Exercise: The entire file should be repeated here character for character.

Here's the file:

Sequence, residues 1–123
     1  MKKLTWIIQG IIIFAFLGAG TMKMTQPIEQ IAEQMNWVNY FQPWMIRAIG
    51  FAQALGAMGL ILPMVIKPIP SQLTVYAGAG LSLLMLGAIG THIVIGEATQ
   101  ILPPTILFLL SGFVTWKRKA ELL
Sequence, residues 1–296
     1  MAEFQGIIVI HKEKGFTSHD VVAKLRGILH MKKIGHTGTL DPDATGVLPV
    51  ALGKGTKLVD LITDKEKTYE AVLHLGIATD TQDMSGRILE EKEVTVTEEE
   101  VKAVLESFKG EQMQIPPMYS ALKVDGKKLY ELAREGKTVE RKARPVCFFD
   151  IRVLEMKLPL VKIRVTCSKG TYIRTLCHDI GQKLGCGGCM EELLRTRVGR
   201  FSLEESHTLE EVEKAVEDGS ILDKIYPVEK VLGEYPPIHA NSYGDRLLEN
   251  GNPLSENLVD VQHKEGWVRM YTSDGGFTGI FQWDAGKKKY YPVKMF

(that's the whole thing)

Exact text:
Sequence, residues 1–123
     1  MKKLTWIIQG IIIFAFLGAG TMKMTQPIEQ IAEQMNWVNY FQPWMIRAIG
    51  FAQALGAMGL ILPMVIKPIP SQLTVYAGAG LSLLMLGAIG THIVIGEATQ
   101  ILPPTILFLL SGFVTWKRKA ELL
Sequence, residues 1–296
     1  MAEFQGIIVI HKEKGFTSHD VVAKLRGILH MKKIGHTGTL DPDATGVLPV
    51  ALGKGTKLVD LITDKEKTYE AVLHLGIATD TQDMSGRILE EKEVTVTEEE
   101  VKAVLESFKG EQMQIPPMYS ALKVDGKKLY ELAREGKTVE RKARPVCFFD
   151  IRVLEMKLPL VKIRVTCSKG TYIRTLCHDI GQKLGCGGCM EELLRTRVGR
   201  FSLEESHTLE EVEKAVEDGS ILDKIYPVEK VLGEYPPIHA NSYGDRLLEN
   251  GNPLSENLVD VQHKEGWVRM YTSDGGFTGI FQWDAGKKKY YPVKMF